There is no shortage of ideas, talent, and direction when it comes to Jaclyn Bethany. After initially pursuing theater, she was inspired to take the leap into filmmaking when she attended The London Film School studying screenwriting, before heading to the AFI to sharpen her directorial skills. Since she graduated, she’s got a few directed shorts, features, and an Emmy-nominated series [“The Rehearsal”] under her belt. What I love about Jaclyn the most is that she’s the real deal. The three films of her’s that I’ve seen [“The Delta Girl”, “Indigo Valley”, and “Highway One”] transport me. A young talent, she’s an emerging filmmaker that I can’t wait to follow.
REBECCA MARTIN: Where did you grow up?
JACLYN BETHANY: I grew up in Jackson, Mississippi. I lived in Jackson until I was 19, and then I moved to New York. I hadn’t always been into film. Growing up, I was really into theatre and acting. I was just a really creative kid. I didn’t realize it at the time, but I was really influenced by movies growing up. But I didn’t think it would be a career.
MARTIN: What films influenced you?
BETHANY: “The Wizard of Oz”. That was the first film I was obsessed with when I was three years old. My Dad knew all the words. I was drawn to films that I could relate to as a kid. The first two movies I remember watching when I was 10 was “Elizabeth” with Cate Blanchett, then “Shakespeare in Love”. I think they came out in the same year.
MARTIN: That’s correct!
BETHANY: When I’m thinking about things now that influenced me, for my first memories of film, those two often come up.
MARTIN: I saw your film [“The Delta Girl”] that you shot for your final at AFI. What brought you to that school?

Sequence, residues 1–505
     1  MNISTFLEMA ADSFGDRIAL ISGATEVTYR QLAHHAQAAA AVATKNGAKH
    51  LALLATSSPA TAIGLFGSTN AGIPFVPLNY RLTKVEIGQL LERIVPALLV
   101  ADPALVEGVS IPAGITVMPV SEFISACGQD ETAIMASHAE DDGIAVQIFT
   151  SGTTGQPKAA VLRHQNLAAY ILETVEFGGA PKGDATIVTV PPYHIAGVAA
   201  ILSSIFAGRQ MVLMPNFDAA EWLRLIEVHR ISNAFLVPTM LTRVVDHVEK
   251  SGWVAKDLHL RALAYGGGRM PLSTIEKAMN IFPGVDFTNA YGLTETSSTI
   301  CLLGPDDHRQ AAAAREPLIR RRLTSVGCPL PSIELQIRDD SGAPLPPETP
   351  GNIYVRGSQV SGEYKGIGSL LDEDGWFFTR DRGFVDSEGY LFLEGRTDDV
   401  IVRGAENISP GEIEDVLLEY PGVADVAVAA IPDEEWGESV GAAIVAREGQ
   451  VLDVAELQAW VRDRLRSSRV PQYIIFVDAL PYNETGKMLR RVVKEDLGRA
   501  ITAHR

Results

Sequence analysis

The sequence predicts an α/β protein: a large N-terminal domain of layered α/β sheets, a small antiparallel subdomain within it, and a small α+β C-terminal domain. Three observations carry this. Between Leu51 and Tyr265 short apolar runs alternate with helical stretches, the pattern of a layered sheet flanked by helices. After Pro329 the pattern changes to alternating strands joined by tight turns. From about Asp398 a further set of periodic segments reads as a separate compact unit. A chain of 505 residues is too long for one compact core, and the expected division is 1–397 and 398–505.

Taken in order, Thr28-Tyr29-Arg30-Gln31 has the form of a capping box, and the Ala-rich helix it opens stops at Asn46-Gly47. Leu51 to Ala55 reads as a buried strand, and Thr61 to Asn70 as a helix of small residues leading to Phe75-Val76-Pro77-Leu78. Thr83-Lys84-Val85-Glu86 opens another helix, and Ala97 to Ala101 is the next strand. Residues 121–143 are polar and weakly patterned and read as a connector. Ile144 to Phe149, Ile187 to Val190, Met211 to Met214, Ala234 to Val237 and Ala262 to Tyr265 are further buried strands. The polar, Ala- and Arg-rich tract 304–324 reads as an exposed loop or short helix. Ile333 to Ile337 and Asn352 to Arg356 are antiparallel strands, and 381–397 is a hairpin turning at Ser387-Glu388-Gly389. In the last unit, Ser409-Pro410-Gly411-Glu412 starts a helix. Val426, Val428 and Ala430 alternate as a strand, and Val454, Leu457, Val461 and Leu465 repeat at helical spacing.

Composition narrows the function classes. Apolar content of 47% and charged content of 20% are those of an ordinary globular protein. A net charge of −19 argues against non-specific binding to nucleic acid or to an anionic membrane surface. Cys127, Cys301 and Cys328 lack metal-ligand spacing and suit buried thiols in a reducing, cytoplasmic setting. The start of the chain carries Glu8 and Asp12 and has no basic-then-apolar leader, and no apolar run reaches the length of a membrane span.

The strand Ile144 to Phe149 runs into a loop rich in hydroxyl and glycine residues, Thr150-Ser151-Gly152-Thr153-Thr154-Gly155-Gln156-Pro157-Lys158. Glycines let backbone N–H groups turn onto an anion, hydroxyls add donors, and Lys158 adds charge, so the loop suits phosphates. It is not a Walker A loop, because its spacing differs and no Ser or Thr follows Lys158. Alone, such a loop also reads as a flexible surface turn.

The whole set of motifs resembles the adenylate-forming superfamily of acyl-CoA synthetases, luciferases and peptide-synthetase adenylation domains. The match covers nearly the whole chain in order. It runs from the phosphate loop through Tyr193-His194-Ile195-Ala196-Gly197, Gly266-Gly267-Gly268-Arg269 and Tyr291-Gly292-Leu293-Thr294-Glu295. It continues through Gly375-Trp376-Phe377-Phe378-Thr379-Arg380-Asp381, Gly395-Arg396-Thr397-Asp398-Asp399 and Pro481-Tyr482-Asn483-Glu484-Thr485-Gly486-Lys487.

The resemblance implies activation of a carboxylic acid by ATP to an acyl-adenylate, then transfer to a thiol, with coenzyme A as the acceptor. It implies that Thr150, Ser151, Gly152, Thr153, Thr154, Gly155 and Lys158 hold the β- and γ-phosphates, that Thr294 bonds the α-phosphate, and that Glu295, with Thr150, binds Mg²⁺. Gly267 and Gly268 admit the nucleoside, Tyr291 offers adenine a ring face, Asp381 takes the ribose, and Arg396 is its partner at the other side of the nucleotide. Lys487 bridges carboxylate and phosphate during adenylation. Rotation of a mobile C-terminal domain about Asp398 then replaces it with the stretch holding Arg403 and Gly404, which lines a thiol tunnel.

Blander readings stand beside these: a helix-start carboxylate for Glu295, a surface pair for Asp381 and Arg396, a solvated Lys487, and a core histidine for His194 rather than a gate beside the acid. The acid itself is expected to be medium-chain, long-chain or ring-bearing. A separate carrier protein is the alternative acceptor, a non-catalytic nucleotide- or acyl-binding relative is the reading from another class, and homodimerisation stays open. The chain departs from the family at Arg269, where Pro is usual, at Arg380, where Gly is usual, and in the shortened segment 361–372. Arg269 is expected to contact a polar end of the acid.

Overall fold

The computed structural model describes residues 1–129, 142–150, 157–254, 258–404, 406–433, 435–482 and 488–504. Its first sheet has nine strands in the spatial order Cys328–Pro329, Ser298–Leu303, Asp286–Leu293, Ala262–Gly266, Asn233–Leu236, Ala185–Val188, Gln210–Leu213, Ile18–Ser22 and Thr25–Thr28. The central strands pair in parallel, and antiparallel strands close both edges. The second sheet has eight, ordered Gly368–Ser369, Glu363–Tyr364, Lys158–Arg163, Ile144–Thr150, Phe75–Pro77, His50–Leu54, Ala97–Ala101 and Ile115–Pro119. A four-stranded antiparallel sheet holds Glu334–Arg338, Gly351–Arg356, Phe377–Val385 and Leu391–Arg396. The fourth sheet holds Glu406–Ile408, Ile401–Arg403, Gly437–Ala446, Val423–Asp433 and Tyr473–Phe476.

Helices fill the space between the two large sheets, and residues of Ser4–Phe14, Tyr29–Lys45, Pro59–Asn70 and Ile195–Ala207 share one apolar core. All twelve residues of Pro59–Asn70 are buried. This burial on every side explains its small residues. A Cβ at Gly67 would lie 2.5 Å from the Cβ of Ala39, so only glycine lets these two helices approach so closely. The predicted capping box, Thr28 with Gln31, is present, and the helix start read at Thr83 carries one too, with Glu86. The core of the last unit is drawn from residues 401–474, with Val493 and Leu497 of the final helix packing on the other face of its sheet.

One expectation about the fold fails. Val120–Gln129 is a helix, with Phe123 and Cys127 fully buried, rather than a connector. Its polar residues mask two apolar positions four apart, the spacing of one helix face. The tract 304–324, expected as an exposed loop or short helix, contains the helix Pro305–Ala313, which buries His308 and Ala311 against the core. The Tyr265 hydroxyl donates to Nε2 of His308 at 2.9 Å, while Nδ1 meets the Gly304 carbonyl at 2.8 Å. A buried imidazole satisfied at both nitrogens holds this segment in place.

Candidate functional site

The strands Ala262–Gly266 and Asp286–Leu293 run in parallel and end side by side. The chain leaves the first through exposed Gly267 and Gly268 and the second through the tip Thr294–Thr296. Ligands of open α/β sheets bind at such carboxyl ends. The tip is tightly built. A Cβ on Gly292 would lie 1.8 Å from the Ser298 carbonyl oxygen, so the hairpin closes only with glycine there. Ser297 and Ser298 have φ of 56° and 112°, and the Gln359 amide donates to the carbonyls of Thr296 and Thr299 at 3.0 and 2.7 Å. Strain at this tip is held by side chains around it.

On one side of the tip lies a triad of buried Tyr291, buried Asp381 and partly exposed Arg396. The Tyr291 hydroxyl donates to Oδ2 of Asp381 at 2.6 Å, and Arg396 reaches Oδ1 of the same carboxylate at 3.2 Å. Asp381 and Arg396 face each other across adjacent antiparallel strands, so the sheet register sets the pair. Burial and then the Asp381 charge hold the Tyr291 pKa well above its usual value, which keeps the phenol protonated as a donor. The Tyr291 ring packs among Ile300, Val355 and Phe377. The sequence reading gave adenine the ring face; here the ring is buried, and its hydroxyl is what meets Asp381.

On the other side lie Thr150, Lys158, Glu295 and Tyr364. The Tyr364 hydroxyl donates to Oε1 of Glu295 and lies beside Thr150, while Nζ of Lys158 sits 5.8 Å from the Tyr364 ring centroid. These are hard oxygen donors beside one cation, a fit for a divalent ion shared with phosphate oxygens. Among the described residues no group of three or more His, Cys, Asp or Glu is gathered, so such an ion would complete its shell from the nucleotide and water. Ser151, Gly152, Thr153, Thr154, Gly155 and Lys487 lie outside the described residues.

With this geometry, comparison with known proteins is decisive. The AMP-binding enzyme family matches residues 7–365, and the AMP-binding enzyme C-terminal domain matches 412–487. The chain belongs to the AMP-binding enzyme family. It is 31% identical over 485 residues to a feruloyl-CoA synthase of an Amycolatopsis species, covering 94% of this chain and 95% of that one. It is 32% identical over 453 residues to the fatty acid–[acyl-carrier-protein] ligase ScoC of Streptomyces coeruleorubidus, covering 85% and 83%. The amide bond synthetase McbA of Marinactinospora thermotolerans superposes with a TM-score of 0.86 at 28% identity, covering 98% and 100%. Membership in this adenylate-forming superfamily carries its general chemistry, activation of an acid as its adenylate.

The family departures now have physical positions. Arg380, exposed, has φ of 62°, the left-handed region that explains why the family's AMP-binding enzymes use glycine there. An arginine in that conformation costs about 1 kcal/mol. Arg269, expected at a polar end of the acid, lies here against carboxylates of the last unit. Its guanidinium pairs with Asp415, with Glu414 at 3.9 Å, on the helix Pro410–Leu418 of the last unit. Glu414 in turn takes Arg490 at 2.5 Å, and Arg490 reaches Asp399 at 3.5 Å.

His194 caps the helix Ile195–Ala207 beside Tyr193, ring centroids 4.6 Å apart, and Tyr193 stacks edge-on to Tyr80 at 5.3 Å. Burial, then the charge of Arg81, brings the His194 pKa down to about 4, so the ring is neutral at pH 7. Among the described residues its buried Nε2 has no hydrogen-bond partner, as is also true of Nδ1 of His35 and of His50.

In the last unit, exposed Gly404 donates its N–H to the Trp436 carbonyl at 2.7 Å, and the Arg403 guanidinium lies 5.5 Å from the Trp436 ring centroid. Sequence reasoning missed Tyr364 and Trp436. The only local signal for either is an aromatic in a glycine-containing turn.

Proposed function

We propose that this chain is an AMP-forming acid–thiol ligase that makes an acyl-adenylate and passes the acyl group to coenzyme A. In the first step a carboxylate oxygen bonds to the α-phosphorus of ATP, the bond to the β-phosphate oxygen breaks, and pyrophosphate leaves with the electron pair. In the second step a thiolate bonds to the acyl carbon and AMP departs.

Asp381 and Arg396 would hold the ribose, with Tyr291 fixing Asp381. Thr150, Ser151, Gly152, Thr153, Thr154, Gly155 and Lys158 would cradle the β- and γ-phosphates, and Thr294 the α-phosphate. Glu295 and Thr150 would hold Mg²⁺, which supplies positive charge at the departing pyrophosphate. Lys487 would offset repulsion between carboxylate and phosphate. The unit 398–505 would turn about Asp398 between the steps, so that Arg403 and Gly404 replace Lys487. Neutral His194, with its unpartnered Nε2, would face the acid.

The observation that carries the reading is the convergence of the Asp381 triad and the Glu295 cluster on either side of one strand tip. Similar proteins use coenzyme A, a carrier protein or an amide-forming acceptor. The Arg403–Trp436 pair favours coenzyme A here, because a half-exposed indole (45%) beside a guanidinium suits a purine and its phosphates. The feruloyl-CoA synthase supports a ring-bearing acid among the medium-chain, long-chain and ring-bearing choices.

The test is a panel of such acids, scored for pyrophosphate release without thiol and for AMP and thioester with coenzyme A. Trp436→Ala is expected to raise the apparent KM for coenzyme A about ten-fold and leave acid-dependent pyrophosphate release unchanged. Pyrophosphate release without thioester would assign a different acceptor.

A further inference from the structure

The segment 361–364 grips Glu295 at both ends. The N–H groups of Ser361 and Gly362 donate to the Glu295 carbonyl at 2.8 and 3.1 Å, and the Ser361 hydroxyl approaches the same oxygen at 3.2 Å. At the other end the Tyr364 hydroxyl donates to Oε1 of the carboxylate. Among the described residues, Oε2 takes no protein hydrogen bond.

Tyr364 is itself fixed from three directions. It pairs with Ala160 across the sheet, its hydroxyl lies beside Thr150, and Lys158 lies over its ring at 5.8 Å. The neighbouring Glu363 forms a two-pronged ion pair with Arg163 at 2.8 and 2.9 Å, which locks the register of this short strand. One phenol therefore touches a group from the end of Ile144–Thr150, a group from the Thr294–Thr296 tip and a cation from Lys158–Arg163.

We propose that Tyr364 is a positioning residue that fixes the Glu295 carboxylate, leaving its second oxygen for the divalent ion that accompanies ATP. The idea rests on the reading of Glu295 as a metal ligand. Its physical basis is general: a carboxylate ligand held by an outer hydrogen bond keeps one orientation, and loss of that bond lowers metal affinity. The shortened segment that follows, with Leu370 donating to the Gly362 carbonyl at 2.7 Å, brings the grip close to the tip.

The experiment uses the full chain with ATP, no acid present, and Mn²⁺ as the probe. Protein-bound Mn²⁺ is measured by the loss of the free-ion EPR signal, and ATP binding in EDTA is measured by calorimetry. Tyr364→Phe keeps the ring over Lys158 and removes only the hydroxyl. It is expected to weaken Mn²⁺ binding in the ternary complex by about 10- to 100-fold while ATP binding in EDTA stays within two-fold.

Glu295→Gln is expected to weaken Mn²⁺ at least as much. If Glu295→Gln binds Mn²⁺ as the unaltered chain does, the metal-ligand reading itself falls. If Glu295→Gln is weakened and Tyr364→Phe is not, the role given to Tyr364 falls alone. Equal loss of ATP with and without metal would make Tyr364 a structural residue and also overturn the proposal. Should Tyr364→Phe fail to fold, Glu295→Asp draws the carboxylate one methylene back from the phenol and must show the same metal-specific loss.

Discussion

BETHANY: That was recent. First I went to college in New York at Fordham, and then I took a few years off of school. Then I went to the London Film School for a year to do screenwriting. After that, I applied and got into AFI. I graduated from there in 2018.
The Delta Girl
MARTIN: Can you talk to me about “The Delta Girl.” I know that was your thesis film, how did that project come to be?
BETHANY: I knew I wanted to make something about the south. I had these two ideas, one about a girl’s school, and one about surrounding Civil Rights. I wanted to see how I could combine the two. The way that AFI works is that the first year you make three shorts, and you are not working with your team, you’re working with different people. You only really write one script. The second year they spend the whole year developing the thesis film with you and working with your team. I had a co-writer. Everyone was from the AFI program on the main team.
I strangely didn’t have a casting director, I just started looking for the two girls that were the main characters. I came across Caitlin [Carver] first. I saw that she was in “I, Tonya”, and then I noticed on her IMDB that she was from Alabama. I reached out to her manager, and then she came onboard. Isabelle [Fuhrman] was the last person to cast. We have mutual friends, and she said yes.
MARTIN: That’s awesome!
BETHANY: It was cool because everyone in the cast was really diverse. The guy who played Beau [Atli Oskar Fjalarsson] is Icelandic. There was also an Irish actor, and then a few actors from New York came in. The film reflected things and people who I’d come across in the past few years.
MARTIN: I love your use of color. What were you trying to bring out of the film visually?